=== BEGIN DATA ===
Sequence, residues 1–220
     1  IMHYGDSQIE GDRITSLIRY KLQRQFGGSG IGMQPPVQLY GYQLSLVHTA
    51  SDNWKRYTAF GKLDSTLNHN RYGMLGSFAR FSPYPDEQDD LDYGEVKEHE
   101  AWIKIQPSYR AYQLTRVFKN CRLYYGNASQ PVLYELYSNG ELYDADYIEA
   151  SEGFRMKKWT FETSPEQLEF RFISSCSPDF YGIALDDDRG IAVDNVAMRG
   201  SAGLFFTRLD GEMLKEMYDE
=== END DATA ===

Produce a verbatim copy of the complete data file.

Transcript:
Sequence, residues 1–220
     1  IMHYGDSQIE GDRITSLIRY KLQRQFGGSG IGMQPPVQLY GYQLSLVHTA
    51  SDNWKRYTAF GKLDSTLNHN RYGMLGSFAR FSPYPDEQDD LDYGEVKEHE
   101  AWIKIQPSYR AYQLTRVFKN CRLYYGNASQ PVLYELYSNG ELYDADYIEA
   151  SEGFRMKKWT FETSPEQLEF RFISSCSPDF YGIALDDDRG IAVDNVAMRG
   201  SAGLFFTRLD GEMLKEMYDE